A lot of people on June 25, 2008, turned to Google for help. And that’s not a bad place to start. So let’s search “Jared Fogel death” just to get things started. The first link we get is to Snopes.com. You — like the vast majority of searchers — click on the first link. Most searchers never look beyond the first three links and very, very, very few every go beyond the first page.
So Snopes said the story is false. But our skepticism can’t end here. We’ve got a good ol’ fashioned “he-said, she-said” on our hands, a virtual 1-1 tie in this steel-cage death match of truth.
We could just go back to Google and settle this with a popularity contest — more sites claiming the news is fake would win out over more sites claiming it’s true. But truth and popularity rarely go hand in hand. So let’s put that on hold for a second, and we will come back later to understanding just how something ends up as the top link on Google anyway.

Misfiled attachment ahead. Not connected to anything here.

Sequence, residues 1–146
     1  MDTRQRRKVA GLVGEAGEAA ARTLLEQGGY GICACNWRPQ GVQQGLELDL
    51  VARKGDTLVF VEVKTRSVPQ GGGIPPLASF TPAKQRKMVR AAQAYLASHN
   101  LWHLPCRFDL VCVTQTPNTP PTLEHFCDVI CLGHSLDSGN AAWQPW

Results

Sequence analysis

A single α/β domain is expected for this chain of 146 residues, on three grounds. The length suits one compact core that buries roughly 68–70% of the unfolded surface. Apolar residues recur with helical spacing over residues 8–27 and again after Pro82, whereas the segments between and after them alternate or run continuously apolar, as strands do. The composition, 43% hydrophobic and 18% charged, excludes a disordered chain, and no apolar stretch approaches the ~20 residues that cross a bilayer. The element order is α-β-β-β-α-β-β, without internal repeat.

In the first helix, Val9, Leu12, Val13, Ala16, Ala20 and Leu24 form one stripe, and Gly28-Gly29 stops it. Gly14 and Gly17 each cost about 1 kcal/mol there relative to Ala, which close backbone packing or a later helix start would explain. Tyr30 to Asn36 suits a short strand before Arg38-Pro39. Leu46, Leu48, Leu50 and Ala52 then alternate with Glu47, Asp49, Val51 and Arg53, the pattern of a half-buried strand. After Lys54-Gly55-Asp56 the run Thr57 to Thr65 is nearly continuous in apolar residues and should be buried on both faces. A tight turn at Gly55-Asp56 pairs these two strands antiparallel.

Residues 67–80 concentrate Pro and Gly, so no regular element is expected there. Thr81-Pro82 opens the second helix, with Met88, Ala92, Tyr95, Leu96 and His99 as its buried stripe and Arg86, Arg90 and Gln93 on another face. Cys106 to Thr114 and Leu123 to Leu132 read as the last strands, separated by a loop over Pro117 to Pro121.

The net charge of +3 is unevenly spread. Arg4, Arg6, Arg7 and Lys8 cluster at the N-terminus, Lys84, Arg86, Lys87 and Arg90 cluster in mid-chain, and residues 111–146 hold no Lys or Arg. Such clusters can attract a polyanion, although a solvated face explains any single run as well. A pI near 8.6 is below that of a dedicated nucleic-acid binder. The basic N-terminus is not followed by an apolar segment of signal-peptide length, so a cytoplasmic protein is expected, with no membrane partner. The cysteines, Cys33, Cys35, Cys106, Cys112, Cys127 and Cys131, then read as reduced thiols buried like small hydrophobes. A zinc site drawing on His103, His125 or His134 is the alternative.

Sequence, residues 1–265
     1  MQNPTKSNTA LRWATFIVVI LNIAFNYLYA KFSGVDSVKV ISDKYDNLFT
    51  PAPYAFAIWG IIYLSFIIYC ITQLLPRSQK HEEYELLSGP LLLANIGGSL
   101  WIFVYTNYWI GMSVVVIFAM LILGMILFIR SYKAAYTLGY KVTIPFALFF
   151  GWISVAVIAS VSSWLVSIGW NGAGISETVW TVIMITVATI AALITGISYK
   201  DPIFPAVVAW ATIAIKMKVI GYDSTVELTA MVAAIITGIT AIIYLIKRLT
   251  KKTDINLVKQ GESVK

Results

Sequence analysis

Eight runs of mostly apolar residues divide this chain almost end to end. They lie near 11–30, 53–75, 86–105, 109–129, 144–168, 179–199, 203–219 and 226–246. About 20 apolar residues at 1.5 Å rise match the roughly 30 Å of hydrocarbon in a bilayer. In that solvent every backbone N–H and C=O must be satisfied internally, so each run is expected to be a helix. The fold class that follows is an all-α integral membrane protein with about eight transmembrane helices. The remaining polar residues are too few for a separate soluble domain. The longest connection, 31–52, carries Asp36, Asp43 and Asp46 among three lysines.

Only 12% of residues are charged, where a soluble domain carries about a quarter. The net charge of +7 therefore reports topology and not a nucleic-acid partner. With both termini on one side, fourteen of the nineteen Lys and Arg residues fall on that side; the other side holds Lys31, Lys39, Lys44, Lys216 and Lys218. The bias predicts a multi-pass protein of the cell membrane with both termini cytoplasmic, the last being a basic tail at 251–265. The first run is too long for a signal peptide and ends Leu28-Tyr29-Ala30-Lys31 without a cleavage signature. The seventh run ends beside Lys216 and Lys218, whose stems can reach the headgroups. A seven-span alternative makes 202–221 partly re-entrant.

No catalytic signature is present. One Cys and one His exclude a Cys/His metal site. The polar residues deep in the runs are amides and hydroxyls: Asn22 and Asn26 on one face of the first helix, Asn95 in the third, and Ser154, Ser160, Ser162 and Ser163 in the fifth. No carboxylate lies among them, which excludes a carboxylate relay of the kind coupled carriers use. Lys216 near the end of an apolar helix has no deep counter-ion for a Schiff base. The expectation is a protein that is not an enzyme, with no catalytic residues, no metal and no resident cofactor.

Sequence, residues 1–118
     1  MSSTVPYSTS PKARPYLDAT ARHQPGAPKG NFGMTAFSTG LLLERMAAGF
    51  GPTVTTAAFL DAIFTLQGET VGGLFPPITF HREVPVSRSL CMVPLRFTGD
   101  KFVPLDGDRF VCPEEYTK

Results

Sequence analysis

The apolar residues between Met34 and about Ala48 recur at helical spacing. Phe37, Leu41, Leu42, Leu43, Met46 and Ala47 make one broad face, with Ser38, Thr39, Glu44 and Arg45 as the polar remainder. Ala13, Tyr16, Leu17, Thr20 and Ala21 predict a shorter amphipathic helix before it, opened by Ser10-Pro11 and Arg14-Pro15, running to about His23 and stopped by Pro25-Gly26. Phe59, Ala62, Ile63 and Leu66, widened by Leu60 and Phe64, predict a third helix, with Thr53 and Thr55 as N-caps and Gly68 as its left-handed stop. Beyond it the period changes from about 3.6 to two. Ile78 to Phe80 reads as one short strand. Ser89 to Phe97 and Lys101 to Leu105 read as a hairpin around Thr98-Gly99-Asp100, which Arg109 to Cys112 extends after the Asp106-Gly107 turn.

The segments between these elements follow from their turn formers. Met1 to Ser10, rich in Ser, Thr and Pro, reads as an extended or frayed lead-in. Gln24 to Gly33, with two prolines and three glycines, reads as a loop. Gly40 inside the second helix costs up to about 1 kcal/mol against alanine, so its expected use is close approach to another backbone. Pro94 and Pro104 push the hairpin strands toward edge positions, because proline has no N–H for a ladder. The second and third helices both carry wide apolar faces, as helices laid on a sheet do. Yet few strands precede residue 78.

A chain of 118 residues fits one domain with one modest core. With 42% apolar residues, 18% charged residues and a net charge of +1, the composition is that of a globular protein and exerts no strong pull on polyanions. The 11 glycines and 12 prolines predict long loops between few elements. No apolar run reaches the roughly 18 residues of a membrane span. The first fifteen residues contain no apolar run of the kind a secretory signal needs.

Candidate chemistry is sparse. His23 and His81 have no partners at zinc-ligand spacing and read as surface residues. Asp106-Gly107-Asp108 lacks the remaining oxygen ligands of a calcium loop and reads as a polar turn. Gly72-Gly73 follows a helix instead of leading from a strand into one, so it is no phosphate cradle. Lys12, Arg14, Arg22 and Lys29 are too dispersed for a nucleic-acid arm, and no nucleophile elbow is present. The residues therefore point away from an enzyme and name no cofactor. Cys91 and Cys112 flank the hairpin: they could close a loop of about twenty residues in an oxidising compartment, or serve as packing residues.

Journalists learn that it’s important to understand whether their sources have an ax to grind. So it would be great to know who’s behind this Snopes.com anyway. This brings us to one of my most favorite things about the Internet. It’s my favorite because it speaks directly to one of my core beliefs about journalism — that transparency breeds accountability. The Internet can be an incredibly transparent place.
The Internet has a big ol’ database (or collection of databases, really) that store the names and contact information for every domain name (like “snopes.com”). You can query that database by using one of several Web sites that use the WHOIS protocol. For this example, we’ll use the one at Network Solutions.
Type “snopes.com” in to the search field on that site, and you’ll see that it is owned by David Mikkelson in Agoura Hill, California. You can even call him at (702) 988-4047. (And, just to save time for the most curious among you, here’s where you can reach the owner of this site.)
Of course, there are plenty of ways to hide a domain’s owner from public view. But this is at least a nice start. A Google search for “David Mikkelson” turns up a nice summary of information about snopes.com that you can check out when you call him.